February 27, 2023
The online survey industry is a flourishing market. That’s not surprising due to the fecund waters of information that is the internet, regularly dipped into by businesses and academics alike as part of their market research methods. Like many aspects on the web, employing an online panel is alluring because of its effortless aspects.
Effortless is not always good in cyberspace, though. Oceans of information don’t necessarily create tributaries of accurate figures. To become truly survey savvy, it’s important to understand some myths that can hamper online survey projects. With these in mind, the quality of research can rise above the surf of diluted data.
1. Online panels are just waiting around to send surveys. Online survey providers aren’t storing respondents’ data like the Architect in The Matrix. Sites like Amazon’s Mechanical Turks do house millions of respondents ready to take surveys; yet these are teeming with what is known as river sample (the Mos Eisley of general population sampling, although not really a hive of scum and villainy). In reality, it takes energy, resources, and continual project management to maintain online panels of good quality.
What this means: Be patient before and during an online survey project—especially if you are asking for a specialized sample with a low incidence—like (Irish Na’vi who smoke Montecristos).
2. The more questions you ask, the better data you’ll get. This seems (almost) logical. Many companies seem eager to bloat their questionnaire template for their research project. However, we demonstrated the opposite in a previous blog. Research indicates that shorter questionnaires result in superior data. Byzantine and long questionnaires instill what is known as “respondent fatigue.” As the New York Times reported, respondent fatigue that has caused “declining response rates over the last decade.”
What this means: Keep it short and sweet like a tweet. Keep in mind that any survey over 20 minutes is asking for Mos Eisley-type results.
3. Survey results come back in quickly. Sure, this is the internet age, where even breaking news is dated after reading the headline. However, respondents are still flesh and blood people with their own lives (probably spent online in other avenues). Not only do online panelists have to be recruited and engaged, but they also have to be incentivized and called to action. Additionally, results have to be analyzed carefully. The best enterprise software is still beholden to the gateways of internet providers (like that speed-demon AOL!). In other words, it’s a bit more than putting up a Facebook post and waiting for ‘likes’ to rain down like batteries at a Philadelphia Eagles game.
What this means: Beyond being patient, you know something IS actually fishy if results arrive too quickly—as an average project typically takes 3-7 days. Then it’s time to call your online survey provider, and get close to accusing them of being a hive of scum and villainy.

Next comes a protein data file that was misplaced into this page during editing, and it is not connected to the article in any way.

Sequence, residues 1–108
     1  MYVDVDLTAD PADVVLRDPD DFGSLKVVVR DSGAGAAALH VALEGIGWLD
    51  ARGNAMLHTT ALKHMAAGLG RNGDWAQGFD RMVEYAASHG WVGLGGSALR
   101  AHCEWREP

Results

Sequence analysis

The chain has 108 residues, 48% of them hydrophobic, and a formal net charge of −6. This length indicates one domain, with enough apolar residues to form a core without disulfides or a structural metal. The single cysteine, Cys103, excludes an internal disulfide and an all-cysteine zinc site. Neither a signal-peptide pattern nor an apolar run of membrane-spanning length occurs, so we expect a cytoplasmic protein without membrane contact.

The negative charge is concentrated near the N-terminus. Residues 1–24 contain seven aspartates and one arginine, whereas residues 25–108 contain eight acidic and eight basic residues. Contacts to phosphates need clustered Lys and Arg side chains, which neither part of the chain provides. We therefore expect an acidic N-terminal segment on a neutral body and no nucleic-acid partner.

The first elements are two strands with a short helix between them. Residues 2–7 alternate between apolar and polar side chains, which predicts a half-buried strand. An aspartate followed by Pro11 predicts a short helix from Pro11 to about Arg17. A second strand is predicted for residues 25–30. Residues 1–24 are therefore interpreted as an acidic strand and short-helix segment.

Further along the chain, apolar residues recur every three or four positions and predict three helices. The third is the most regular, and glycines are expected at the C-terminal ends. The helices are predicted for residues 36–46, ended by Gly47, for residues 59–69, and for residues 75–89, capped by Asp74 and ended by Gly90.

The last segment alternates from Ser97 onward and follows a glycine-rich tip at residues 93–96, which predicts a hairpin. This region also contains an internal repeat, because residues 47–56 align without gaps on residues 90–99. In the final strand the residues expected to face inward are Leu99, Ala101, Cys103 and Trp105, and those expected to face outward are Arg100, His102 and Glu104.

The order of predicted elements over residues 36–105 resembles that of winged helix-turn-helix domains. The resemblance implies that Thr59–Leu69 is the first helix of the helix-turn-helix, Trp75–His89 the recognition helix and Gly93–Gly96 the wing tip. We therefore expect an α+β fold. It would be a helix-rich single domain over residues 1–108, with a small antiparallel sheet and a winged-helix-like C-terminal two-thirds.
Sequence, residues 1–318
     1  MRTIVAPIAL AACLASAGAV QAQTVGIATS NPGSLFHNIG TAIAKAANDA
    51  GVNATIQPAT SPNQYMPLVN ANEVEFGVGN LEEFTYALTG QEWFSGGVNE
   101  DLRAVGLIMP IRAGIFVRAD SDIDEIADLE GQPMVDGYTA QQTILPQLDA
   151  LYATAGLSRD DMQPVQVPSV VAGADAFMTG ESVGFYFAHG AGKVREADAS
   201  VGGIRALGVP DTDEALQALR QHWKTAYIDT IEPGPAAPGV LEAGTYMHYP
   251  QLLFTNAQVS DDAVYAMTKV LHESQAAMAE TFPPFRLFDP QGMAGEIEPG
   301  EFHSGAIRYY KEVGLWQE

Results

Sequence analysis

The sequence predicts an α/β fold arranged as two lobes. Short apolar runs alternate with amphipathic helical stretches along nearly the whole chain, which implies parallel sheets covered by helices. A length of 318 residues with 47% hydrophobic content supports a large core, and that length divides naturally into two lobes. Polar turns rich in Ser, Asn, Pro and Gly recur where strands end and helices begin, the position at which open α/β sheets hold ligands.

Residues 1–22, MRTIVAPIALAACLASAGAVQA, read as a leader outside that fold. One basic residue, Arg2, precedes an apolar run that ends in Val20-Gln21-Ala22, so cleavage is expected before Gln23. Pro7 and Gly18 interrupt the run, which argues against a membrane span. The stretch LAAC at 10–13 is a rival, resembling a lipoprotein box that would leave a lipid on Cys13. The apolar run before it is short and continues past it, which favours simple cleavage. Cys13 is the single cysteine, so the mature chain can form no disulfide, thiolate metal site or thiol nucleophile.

Incentives are not that necessary because of shared interest. Some would call this cheap thinking. It is. It just doesn’t work that way. For example, our company specializes in veterinarian panels. These good folk are physicians who work very hard. For a veterinarian to leverage time to sit through a 30-minute survey takes quite a bit of labor and compensation. Like any other sample, the smaller the reward the larger the risk of apathy. Lastly, many online providers understand this crucial aspect of incentives: “Promised incentives are not as effective as enclosed incentives. Numerous studies demonstrate that postpaid incentives have no impact on response rates.”
What this means: Online survey providers are well-aware of how to incentivize their panels, and many will do so before the project is live if it’s a specialized audience. For those Irish Na’vi who smoke Montecristos, expect a steep price due to the incentive alone, but know you will be rewarded with the data you need.
People are patient taking online surveys. This should be an obvious myth to dispel, since we are talking about the internet: the Nirvana of short-attention-span. In real life, people are busier than ever, continually bombarded by other information, and are just not going to be passionate about your research. This may sound callous, but an honest approach goes a long way for that empathy to conduct successful online research.
What this means: Short questionnaires, patience on your part, expected incentives…and online surveys can actually become wealthy avenues of communication and even qualitative market research.
Dispelling these myths is also extremely important because of the future of online surveys: mobile technology.
As a recent white paper on Research stated:
“Mobile growth in online surveys is mirroring overall growth in mobile access to the internet with survey starts on mobile and tablets rising from less than 10% of survey starts in 2011 to more than 25% of survey starts in 2014 according to 2014 Trends Report: Mobile Participation in Online Surveys.”
There are certainly disadvantages of mobile surveys, as we’ve discussed in past publications. Regardless, in the online world, screens are getting smaller, space is getting tighter, and time is getting shorter. With the right approach and understanding of these myths, market researchers can become survey savvy and come out of those internet waters with refreshing results for their research.
February 23, 2023
It’s still early in the year, but we can probably already list conversational AI, especially ChatGPT, as one of the buzziest topics of 2023 so far. ChatGPT, a model of GPT (generative pre-trained transformer) has become one of the most popular apps, with 13 million people downloading the app in January 2023 alone. Among other capabilities, these generative models can emulate human conversations and even mimic the writings of long-dead historical figures.
While there is worry about what ChatGPT will mean for students trying to cut corners on their coursework and how this technology will affect white-collar jobs, brands are also figuring out how this conversational AI can be put to work in their daily operations. More specifically, how can ChatGPT be applied to customer service operations, such as call centers, self-service, and other customer engagement needs?